Using UIAlertViewDelegate For iPhone

The UIAlertView class allows us to present a simple interface to alert the user that something has happened. But it also allows us to respond in different ways, depending on which button in the alert view is touched. If we want more than the default cancel button on an alert, we must adopt the UIAlertViewDelegate protocol. So let’s get started!

Start Xcode, choose “Create a new Xcode project,” select the Single View Application template, and click Next. Name the project “ColorAlert” and choose options as shown:

Click Next, choose a location to save the project, then click Create.

The first thing we’ll do is add a button to the user interface that will bring up the alert view when pressed. Open the ViewController.zip file, and drag a UIButton to the view. Change the title of the button to “Change Color…” and (if desired) change the view’s background color as well. When you are done, the interface should look something like this:

color alert

As we know, this button will require an IBAction method, so let’s open up ViewController.h and add the header for this method:

 

#import <uikit/UIKit.h>

@interface ViewController : UIViewController
<uialertViewDelegate>

- (IBAction)btnTouched:(UIButton *)sender;

@end

 

 

Notice that we’ve also conformed ViewController to the UIAlertViewDelegate protocol: this is required only if we’ll be adding more than the default cancel button to the alert.

Now Open ViewController.m, and add the implementation of the btnTouched method as shown:

 

@implementation ViewController

- (IBAction)btnTouched:(UIButton *)sender
{
UIAlertView *colorAlert = [[UIAlertView alloc]
initWithTitle:@"Change Color..."
message:@"Choose a Color"
delegate:self
cancelButtonTitle:@"None"
otherButtonTitles:@"Red", @"Yellow", @"Blue", nil];
[colorAlert show];
}
. . .

 

 

The title will appear at the top of the alert view, with the message just below it. Next the buttons will be displayed, with the three “otherButtonTitles” buttons displayed first, followed by the “cancelButtonTitle.” The delegate parameter defines the object that will handle the button touches, in this case, “self,” meaning ViewController. Whatever object handles the button touches must conform to the UIAlertViewDelegate protocol.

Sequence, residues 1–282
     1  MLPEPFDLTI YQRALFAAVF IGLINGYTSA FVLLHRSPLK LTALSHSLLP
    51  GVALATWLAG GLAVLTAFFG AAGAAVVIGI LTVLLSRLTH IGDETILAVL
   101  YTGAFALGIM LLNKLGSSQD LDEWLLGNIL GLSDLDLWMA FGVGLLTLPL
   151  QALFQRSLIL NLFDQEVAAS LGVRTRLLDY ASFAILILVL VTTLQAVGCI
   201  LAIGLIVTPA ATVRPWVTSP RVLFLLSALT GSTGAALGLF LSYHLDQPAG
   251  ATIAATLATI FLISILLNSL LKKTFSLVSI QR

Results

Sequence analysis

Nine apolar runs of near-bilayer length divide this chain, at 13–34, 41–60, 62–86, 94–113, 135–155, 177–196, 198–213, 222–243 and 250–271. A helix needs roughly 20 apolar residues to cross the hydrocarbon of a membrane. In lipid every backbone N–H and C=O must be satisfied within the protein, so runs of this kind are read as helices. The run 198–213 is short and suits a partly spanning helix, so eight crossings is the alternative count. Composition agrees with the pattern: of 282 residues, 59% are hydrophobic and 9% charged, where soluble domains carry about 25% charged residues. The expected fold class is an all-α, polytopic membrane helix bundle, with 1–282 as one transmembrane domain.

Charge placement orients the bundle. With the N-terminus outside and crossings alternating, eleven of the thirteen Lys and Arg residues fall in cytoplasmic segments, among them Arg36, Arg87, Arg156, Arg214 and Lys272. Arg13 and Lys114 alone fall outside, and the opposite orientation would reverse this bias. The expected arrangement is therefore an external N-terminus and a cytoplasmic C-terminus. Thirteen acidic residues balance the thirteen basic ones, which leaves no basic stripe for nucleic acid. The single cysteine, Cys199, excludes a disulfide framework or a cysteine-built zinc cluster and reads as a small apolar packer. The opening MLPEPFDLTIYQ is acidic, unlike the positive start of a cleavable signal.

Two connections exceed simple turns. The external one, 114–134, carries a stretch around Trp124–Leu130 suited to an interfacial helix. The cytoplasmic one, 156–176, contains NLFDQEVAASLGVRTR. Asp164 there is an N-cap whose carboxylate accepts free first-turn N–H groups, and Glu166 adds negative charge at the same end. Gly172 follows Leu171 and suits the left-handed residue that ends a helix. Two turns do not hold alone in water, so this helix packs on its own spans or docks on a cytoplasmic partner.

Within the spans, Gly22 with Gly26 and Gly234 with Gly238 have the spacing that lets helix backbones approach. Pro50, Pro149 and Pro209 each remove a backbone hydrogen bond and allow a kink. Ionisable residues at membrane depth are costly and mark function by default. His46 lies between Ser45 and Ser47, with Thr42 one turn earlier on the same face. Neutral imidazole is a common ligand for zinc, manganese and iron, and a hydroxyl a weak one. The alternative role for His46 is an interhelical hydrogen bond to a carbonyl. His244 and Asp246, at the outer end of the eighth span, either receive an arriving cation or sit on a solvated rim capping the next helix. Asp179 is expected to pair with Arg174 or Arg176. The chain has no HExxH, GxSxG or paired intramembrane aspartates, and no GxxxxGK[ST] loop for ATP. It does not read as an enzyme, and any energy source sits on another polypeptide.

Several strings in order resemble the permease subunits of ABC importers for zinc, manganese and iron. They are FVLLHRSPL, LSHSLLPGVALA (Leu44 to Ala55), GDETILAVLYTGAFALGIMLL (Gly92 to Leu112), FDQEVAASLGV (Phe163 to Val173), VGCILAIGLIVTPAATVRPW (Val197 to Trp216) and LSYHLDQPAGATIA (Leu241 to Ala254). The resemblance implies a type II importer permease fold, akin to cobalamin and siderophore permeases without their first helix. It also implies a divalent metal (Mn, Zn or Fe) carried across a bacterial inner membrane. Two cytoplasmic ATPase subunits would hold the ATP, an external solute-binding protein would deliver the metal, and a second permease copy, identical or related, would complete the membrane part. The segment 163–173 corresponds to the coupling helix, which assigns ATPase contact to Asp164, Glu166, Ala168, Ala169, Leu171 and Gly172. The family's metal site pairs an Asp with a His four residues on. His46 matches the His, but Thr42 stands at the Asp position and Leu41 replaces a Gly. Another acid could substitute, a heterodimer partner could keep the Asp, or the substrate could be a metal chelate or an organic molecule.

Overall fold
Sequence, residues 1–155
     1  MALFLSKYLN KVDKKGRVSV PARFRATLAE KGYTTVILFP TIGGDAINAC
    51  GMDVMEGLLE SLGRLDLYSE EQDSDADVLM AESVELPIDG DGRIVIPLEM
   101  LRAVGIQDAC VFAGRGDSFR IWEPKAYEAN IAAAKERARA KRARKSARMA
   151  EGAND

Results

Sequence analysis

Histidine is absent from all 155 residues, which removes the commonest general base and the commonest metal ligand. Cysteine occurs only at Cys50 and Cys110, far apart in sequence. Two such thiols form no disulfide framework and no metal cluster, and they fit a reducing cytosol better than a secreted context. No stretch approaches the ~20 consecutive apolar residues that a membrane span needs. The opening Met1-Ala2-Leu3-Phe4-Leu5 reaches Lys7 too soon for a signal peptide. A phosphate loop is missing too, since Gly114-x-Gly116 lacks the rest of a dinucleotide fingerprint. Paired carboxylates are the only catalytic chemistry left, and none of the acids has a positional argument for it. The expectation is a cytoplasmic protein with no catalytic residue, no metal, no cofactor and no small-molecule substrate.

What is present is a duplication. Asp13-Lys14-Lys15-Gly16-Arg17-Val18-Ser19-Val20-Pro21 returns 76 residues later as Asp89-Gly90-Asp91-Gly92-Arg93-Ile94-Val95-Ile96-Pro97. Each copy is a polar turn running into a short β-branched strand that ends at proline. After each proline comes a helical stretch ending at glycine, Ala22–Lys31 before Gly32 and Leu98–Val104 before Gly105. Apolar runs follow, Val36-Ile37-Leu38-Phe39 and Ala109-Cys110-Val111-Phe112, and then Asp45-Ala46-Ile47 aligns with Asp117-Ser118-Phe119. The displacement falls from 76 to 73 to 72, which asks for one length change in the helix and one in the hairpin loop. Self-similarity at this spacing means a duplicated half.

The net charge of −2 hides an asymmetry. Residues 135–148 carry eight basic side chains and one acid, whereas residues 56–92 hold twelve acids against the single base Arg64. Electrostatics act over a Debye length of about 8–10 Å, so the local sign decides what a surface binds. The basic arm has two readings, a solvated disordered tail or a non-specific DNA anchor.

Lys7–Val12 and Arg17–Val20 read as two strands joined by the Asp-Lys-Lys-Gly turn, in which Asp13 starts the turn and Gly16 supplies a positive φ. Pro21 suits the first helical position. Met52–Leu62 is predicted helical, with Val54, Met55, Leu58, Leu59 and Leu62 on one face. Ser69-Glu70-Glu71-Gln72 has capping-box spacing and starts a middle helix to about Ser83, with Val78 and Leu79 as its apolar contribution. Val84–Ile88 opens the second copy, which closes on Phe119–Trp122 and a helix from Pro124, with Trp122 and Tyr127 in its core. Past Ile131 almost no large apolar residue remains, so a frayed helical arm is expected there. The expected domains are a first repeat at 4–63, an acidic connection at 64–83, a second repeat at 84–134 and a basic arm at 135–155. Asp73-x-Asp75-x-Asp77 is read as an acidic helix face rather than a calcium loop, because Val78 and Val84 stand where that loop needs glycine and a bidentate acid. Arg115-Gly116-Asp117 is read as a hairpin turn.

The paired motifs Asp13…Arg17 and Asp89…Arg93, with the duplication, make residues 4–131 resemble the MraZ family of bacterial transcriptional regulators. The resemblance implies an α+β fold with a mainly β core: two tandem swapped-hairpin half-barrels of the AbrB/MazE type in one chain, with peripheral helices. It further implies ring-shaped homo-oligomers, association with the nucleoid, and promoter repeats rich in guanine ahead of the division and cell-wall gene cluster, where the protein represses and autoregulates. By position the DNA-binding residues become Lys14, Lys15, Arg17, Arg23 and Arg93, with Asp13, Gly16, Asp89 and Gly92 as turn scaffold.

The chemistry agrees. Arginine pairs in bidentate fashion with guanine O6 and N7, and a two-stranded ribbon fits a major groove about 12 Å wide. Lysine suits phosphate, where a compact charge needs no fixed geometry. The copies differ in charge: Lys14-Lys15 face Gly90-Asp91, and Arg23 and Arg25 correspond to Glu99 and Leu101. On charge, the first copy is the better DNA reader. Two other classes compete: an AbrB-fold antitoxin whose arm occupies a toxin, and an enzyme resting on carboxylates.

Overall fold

Wire this method up to the Change Color… button in interface builder:

UI Alert View Delegate

If we run the application now, we’ll see the alert view when we click the button, but nothing will happen after clicking an alert button aside from the alert being dismissed. In order to handle touches on other alert buttons, we must implement one of the delegate methods of UIAlertViewDelegate: (void)alertView:(UIAlertView *)alertView clickedButtonAtIndex:(NSInteger)buttonIndex. The first parameter of this method will be the alertView on which a button is touched, and the second will be the index of the touched button. Let’s implement this method in ViewController.m now:

 

- (void)alertView:(UIAlertView *)alertView clickedButtonAtIndex:(NSInteger)buttonIndex
{
switch (buttonIndex) {
case 1: //red
self.view.backgroundColor = [UIColor redColor];
break;
case 2: //yellow
self.view.backgroundColor = [UIColor yellowColor];
break;
case 3: //blue
self.view.backgroundColor = [UIColor blueColor];
break;

default:
break;
}
}

 

 

The buttonIndex will be 0 if the cancel button is pressed, and incremental values starting at 1 for the otherButtonTitles array. In this case, we’re just changing the color of the ViewController’s view.

Run the application now and observe what happens as each alert button is touched:

iphone tutorials

The UIAlertView is a “modal” view (meaning that it blocks touch events from bubbling up to it’s parent view), but it doesn’t hang the UIThread, which makes it a very good control for simple choices.